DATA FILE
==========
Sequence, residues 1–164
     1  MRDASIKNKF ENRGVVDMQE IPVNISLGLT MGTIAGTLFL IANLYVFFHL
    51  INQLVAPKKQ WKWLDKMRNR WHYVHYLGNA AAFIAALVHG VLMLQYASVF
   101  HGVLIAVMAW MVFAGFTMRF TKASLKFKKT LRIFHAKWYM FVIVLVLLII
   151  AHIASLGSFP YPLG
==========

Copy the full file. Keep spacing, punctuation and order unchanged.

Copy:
Sequence, residues 1–164
     1  MRDASIKNKF ENRGVVDMQE IPVNISLGLT MGTIAGTLFL IANLYVFFHL
    51  INQLVAPKKQ WKWLDKMRNR WHYVHYLGNA AAFIAALVHG VLMLQYASVF
   101  HGVLIAVMAW MVFAGFTMRF TKASLKFKKT LRIFHAKWYM FVIVLVLLII
   151  AHIASLGSFP YPLG